Lee Byong-ho, the director of the agency, told a meeting of the government’s Intelligence Committee that Kim Jong-nam had been murdered with poison in Malaysia on Monday and that he had survived at least one previous attempt on his life, Yonhap News reported.

After that assassination attempt, in 2012, Kim Jong-nam wrote to his brother and asked that no further attacks be directed at him or his family.

Mr Lee added that Kim Jong-nam had stated on more than one occasion that he had no ambitions to seize control of North Korea and that he posed no threat to his half-brother. His assassination, therefore, was a result of Kim Jong-un’s “delusional disorder”, he added.

Kim Jong-nam’s first wife, Shin Jong-hui, currently lives in a northern suburb of Beijing with a son, while a second wife, Lee Hye-Kyong, lives in an apartment complex in Macau with their son, Han-sol, and daughter, Sol-hui.

The Chinese authorities have reportedly stepped up security around the two families, although it is not clear whether that security has been extended to Chen Jia-Xi, his mistress, and at least three other children with different women.

Of particular concern is the safety of Kim Han-sol, the 21-year-old son of Kim Jong-nam, who was given a police guard at his university in France in 2013 as uncertainties about the stability of the North Korean regime continued to grow.

Kim Han-sol may have incurred the wrath of his uncle after describing Mr Kim as a “dictator” in an interview with a Finnish TV station in 2012. He added that his ambition is to help the people of a reunited Korean peninsula.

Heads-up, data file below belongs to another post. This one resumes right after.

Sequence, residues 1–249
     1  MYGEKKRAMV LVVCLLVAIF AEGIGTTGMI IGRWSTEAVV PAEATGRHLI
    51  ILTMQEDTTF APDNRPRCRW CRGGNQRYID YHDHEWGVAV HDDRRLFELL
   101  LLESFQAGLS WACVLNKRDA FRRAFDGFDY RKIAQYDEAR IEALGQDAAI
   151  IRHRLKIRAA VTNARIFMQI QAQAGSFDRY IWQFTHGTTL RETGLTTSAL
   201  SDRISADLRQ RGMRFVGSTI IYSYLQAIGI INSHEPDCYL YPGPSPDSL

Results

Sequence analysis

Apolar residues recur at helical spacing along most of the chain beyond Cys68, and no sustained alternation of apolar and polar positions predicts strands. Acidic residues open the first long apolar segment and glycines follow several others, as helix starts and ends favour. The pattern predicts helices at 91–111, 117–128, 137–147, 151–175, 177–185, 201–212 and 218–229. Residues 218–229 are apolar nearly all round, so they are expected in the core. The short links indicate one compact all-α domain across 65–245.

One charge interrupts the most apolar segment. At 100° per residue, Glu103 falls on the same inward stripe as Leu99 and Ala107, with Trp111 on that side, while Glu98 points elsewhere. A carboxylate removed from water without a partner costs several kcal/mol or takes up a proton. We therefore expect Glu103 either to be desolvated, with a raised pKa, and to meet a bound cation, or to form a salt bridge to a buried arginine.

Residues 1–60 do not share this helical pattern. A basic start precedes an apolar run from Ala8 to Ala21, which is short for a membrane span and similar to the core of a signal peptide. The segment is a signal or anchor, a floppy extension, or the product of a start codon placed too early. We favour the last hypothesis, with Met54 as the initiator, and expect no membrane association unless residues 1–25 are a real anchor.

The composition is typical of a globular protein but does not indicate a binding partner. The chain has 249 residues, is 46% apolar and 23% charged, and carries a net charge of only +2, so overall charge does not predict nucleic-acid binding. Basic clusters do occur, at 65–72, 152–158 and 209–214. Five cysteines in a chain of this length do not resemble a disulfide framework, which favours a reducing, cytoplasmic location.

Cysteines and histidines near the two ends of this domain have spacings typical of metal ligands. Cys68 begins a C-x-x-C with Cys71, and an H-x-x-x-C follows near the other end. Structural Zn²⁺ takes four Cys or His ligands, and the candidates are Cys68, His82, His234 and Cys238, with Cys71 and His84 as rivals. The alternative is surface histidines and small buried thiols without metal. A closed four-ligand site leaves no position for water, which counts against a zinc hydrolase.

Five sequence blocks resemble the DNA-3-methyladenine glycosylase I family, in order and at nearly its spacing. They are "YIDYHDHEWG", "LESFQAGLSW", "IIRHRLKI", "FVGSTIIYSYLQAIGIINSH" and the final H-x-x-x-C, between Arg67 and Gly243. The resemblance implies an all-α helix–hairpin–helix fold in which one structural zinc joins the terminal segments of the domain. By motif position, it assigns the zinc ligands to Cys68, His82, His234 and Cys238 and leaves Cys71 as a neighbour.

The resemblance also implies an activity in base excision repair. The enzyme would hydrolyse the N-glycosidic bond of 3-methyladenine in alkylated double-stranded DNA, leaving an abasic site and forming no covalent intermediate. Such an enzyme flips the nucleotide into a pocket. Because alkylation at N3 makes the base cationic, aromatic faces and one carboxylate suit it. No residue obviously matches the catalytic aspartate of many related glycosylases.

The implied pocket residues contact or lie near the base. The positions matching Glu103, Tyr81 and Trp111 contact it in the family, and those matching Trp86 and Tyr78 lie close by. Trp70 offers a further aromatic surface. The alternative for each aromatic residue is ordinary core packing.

That runs counter to Kim Jong-un’s vision for his nation and it is possible that the dictator now sees Kim Han-sol as the potential heir to his father’s claim to the leadership of the North Korean people.

Kim Jong-nam ‘is not dead’ says North Korea

An unofficial spokesman for Pyongyang based in Japan claimed  Kim Jong-nam was not dead and reports of his assassination are a plot to discredit North Korea and deflect attention from political unrest in South Korea.

Kim Myong-chol, executive director of The Centre for North Korea-US Peace, told The Telegraph on Wednesday that the man killed in Kuala Lumpur on Monday is not the half-brother of North Korean dictator Kim Jong-un.

“That is not him and it is not a relative of Kim Jong-un”, he said. “If you listen to his accent, it is clearly South Korean and this is all a red herring.”

Kim Myong-chol claims that an imposter has been playing the part of Kim Jong-nam for several years at the behest of South Korea.

“This is all being done to divert attention from the impeachment of the South Korean president and to discredit North Korea”, he said. “It’s a plot and it’s nothing new from the South Korean government”.

South Korean spies says Kim Jong-nam poisoned by female assassins

Lawmakers in Seoul had said earlier that South Korea’s spy agency suspects two female North Korean agents assassinated Mr Kim.

About the author



1 Comment

Leave a Comment